From mosaic to dizziness, from dizziness to the wealth of polyphony, the Euro- Mediterranean Cultural Workshops sought to find their way and their voice; and they found it thanks to a remarkable rough version of a video performance done in the participants’ residence building - a modern site if ever there was - and which recomposed the Jemaâ El Fna Square as well as its polyphony and theatricality into a symbolic space, even as it bordered this symbolic space with five narratives by women in different languages.
Thousand and One Nights and Sophocle’s Antigone
The common thematic of these two crucial works was a woman’s resistance through speech to the figure of the tyrant. The work carried out on the four selected tales from Thousand and One Nights, and on Sophocle’s tragedy not only made it possible to closely analyse the texts, and to compare them, but also to initiate a polemical reflection on reading and interpretation that was particularly fruitful. Very quickly in the course of the collective project, proposals for comparing Antigone and Shahrâzâd, as well as Creon and Shâhriyâr were raised - which was largely done in the Workshops - but which also structured a good many of the discussions. Indeed, inserted by the participants into their contemporary experience - notably because of the bitterness of events in the Middle East - the two figures were perceived as archetypes of modes of presence in the political - though not without contradictions. Thus, early on in the session, Shahrâzâd embodied for some the figure of submission, for others a figure of political cunning, but in any case a figure for bypassing tyrannical violence. Antigone, on the other hand, represented citizenship, the idea of human rights as opposed to the arbitrariness of the law, or, a contrario, defended in the eyes of some the logic of filiation against the logic of the political.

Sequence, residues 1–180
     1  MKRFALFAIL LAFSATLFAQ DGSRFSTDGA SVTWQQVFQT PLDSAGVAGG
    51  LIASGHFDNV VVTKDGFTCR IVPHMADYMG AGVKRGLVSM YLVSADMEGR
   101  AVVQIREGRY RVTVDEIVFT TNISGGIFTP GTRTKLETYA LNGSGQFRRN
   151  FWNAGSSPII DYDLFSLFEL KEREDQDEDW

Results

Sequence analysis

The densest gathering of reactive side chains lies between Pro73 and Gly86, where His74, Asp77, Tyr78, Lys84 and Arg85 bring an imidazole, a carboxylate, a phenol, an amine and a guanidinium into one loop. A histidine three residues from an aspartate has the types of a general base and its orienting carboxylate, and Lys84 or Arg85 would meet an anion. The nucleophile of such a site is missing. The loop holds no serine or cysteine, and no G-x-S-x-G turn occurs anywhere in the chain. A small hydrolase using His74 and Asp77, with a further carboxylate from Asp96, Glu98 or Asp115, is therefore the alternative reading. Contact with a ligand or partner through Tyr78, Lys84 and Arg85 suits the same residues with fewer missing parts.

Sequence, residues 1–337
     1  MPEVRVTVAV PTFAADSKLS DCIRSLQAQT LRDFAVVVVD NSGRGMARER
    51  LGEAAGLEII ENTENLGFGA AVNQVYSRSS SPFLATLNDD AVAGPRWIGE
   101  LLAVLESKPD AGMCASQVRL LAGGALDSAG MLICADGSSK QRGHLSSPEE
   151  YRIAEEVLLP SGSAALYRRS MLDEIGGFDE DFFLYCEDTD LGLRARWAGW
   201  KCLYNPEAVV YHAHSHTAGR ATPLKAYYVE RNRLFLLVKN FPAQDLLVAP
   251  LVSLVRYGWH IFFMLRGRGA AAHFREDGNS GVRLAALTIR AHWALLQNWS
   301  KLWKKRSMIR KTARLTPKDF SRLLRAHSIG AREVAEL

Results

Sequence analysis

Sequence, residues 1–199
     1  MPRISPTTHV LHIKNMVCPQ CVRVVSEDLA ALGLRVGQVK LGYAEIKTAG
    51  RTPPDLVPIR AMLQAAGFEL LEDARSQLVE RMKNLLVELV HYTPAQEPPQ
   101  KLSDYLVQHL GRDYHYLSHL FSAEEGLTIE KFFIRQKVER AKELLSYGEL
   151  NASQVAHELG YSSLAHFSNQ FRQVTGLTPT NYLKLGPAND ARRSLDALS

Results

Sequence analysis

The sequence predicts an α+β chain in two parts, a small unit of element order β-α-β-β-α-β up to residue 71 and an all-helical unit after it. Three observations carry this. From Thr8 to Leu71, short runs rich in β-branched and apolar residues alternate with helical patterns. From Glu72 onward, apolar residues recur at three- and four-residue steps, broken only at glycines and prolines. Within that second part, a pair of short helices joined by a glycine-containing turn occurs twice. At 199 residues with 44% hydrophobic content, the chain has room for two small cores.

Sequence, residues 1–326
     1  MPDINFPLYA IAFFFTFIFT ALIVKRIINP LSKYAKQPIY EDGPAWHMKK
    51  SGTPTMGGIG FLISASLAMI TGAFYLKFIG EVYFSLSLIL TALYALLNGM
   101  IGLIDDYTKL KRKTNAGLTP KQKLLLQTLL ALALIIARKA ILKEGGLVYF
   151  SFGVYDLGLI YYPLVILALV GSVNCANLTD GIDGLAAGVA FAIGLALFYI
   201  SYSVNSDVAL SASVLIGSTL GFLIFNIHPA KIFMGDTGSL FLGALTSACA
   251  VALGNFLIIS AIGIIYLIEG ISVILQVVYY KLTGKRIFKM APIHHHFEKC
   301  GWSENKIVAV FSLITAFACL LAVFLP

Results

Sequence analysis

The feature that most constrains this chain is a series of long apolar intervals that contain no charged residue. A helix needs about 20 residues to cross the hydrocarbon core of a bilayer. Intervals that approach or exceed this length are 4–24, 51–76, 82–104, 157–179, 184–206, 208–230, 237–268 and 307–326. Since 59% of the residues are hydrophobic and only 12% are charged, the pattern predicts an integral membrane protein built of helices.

As the days went by, these initial, relatively immediate interpretations were questioned, elaborated once again in the sense of a greater complexity, and often turned out to reveal paradoxes. The interpretative issue arose in the heart of the theoretical work as that of the suspension of partisanship. “Where is the tragedy,” one of the participants asked, “if we have already taken Antigone’s side?” It was thus necessary to “reconstruct Creon’s reasons”, as well as Antigone’s. The works had to be approached like two texts of a literature of the extreme, of an experience of limits. The reading of Shahrâzâd had to be taken to its veritable limits.